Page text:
- In South Park: The Stick of Truth, this happens with Cartman. In the cartoon, he's always been a racist asshole who only looks out for himself and uses others to get what he wants, but in the game, Cartman is the first one to befriend you and provides tutorials for your character to defend yourself from enemies.
- In the original Mega Man (Classic), Doctor Wily the Big Bad wants to Take Over the World with his robots because he wants to get back at Dr. Light for being Always Someone Better. In Mega Man Battle Network, Wily is still a resentful villain (perhaps even more so), however he was close friends with Dr. Hikari Sr. (Dr. Light's counterpart), and he also took time to raise a child of his friend when said friend goes to war, and he also disapproves of his son's actions, as he's an even worse Big Bad than Wily.
- Freeza gets this in Dragon Ball Z Abridged. He's still a genocidal tyrant, but he shows much more care and concern for his higher-ranking minions than his canon counterpart ever did.
- While Yu-Gi-Oh! The Abridged Series made Kaiba more of a jerk, the Season 0 adaptation goes the other way, making Kaiba a creepy-looking but otherwise friendly Nice Guy, to contrast Season 0 Yami. Naturally, Kaiba being a nice guy ends up being such a dramatic contrast from his usual characterizations that it winds up disturbing everybody.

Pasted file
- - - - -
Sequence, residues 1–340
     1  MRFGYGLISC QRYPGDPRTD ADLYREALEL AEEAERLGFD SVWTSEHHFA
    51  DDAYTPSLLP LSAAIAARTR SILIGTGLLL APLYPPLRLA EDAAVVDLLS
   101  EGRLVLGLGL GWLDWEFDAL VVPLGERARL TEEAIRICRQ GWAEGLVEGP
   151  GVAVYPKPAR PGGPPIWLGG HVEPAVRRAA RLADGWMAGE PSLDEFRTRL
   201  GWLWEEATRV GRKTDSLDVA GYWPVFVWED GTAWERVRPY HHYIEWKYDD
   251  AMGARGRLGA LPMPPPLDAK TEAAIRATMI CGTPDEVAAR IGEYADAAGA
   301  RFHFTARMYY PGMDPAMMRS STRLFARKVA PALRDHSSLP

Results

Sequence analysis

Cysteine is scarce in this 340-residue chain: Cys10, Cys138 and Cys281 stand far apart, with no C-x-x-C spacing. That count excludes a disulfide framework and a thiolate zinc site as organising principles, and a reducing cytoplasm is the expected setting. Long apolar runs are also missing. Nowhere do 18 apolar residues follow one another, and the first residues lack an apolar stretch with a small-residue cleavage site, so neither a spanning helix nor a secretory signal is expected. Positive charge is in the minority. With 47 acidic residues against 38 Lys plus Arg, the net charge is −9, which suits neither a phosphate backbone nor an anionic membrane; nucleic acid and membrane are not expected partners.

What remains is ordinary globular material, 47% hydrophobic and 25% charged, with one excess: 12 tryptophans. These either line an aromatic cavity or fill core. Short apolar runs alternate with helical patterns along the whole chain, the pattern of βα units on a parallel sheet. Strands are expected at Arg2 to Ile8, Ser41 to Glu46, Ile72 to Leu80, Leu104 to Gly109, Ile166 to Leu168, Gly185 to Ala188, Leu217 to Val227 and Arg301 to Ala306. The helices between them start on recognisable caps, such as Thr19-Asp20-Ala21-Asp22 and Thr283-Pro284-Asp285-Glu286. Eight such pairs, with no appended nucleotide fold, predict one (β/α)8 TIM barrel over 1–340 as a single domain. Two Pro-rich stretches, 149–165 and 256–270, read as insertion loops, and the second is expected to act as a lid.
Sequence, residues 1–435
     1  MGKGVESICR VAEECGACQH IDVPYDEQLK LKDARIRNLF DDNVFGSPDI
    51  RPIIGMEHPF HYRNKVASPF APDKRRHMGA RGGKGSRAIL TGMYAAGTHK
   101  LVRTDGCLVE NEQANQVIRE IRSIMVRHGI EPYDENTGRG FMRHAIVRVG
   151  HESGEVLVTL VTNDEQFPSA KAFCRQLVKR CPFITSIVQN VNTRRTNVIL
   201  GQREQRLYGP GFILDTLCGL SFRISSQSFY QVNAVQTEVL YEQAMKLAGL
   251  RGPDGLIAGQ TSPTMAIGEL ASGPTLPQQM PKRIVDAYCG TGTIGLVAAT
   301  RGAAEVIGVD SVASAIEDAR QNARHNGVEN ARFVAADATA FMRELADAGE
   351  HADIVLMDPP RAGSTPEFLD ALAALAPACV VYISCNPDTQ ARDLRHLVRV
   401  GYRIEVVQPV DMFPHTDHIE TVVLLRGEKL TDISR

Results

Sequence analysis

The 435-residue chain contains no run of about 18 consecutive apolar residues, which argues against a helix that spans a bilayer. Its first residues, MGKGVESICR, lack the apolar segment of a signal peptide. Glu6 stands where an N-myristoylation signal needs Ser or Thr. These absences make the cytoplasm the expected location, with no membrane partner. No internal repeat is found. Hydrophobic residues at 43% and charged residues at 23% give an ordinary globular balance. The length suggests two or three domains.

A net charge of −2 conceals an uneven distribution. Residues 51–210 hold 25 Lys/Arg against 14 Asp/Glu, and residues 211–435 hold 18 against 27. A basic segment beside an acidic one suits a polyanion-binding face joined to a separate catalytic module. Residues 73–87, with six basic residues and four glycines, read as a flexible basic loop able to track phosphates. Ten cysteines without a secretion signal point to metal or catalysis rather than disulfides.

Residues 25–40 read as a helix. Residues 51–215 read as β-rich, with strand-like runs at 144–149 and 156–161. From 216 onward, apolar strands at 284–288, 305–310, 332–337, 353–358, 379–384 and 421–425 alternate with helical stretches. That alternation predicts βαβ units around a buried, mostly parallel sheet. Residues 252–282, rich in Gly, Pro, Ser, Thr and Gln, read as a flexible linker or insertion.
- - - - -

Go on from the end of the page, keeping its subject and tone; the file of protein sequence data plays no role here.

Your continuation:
- Avengers Assemble: Captain America's father is shown here to be a good parent, judging by the photo of him and a young Steve fishing together. In the comics, he was a drunk, a wife beater, and generally an unpleasant person.
- Since Baby Looney Tunes is a show meant for little kids, the Looneys are much sweeter and innocent than their adult counterparts.
- DuckTales (1987):
- The series' incarnation of Gladstone Gander isn't as self-centered and smug as the comics version. Instead of gloating about his luck to his relatives, his flaw is relying on his luck to solve all his problems.
- The cartoon's version of Scrooge Mc Duck is also more sentimental and jovial than his comic book counterpart who, while not a Jerkass outright, is far more acerbic and has a history of unscrupulous moments.
- In Justice League Action, while she's still a villain, Killer Frost is nicer than her other incarnations, especially compared to Justice League, Young Justice, and Batman: Assault on Arkham.
- In Teenage Mutant Ninja Turtles (2012), this happens with this incarnation of the Shredder, where his love for his daughter, Karai, is very genuine. The problem is that he has rooted himself so deep in his hatred toward the Hamato Clan, even his love for his daughter doesn't seem to matter, culminating in her mutation, which he still blames on the Hamato Clan despite him being the one using her as bait for the trap that did it.